Continuing to get people tested for AIDS



[ad_1]

When AIDS Yorkton began, the disease was a mystery. Not much was known about HIV / AIDS, or how it could be treated. People were dying of the disease, as it spread rapidly around the world.

Today, it's a different story, people can live a long time, even after a diagnosis of AIDS, thanks to the new treatment options available.

One thing remains the same, people still need tests to find out if they have it or not.

AIDS Yorkton has closed and is passing the torch to the new extension program operated by SIGN. This came with a $ 740 donation to the new program, as Yorkids Aids closed its accounts and wanted to support ongoing programs now.

Vivianne Lincoln, of Yorkids Aids, said the decision to support SIGN's new program was a natural fit because the program continues the work they did years ago.

The problem at that time was partly that people did not want to admit that they could have contracted AIDS, and Lincoln admitted that they had to fight to make people believe that it was something that could affect them.

"At that time, they just said it was the gay community that was spreading it. Of course, the gay community got very involved, and people living with AIDS (PLWA) became very involved and went out and were educated, and I think that really helped to get rid of this stigma. "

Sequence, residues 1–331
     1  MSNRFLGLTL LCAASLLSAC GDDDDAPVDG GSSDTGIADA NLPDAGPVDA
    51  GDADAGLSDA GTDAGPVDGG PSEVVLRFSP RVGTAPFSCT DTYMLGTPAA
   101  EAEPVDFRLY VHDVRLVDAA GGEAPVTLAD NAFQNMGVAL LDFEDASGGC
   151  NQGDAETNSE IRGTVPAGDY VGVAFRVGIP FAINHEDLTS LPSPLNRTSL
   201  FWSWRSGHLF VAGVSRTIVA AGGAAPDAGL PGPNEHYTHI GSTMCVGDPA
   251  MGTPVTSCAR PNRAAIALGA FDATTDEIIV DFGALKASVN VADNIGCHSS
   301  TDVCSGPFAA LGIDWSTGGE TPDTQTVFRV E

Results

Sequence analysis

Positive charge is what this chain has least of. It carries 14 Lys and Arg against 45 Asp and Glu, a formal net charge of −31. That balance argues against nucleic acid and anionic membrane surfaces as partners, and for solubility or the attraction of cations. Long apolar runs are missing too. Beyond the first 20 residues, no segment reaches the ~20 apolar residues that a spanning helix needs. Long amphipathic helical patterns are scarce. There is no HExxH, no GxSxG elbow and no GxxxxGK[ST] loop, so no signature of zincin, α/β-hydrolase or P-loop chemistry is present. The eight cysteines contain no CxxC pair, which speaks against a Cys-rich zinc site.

As much work has been done, there is still an associated stigma, and the disease is now associated with intravenous drug users. Candace Nelson, SIGN's social advocacy advisor, said that although it is a high-risk group, it is still a disease that can affect people who are not necessarily at risk, so it's important that everyone get tested. Although it is no longer a death sentence, the only way the treatment works is if people really know they have the disease.

This region needs AIDS awareness because there was an outbreak in the former Sunrise Health Region, Nelson admits, with an 800% increase in the number of new HIV patients by 2016 – about 16 new cases compared to one year in which there were two. Part of the reason for this increase in patients was a more comprehensive test, she said, but this is also a clear example of why this test is needed.

"One in five people does not realize they have them, they are passing unnoticed. Once we identify these people, they are being treated, or at least participating in care."

For Nelson, her job is to get people tested, and she does not understand why someone did not take a test to stay safe.

"If you knew you had cancer, you would want to get an early cancer test. You would like to take an early test for diabetes. You want to be tested early for hypertension. But for HIV, people prefer to assume that they do not. Why do not you want to get tested and apply antiretroviral treatment? "

Getting Yorkton AIDS money means the program can do more extension work, Nelson said.

© Copyright 2018 Flin Flon Reminder

Read more about Yorkton this week

[ad_2]

Source link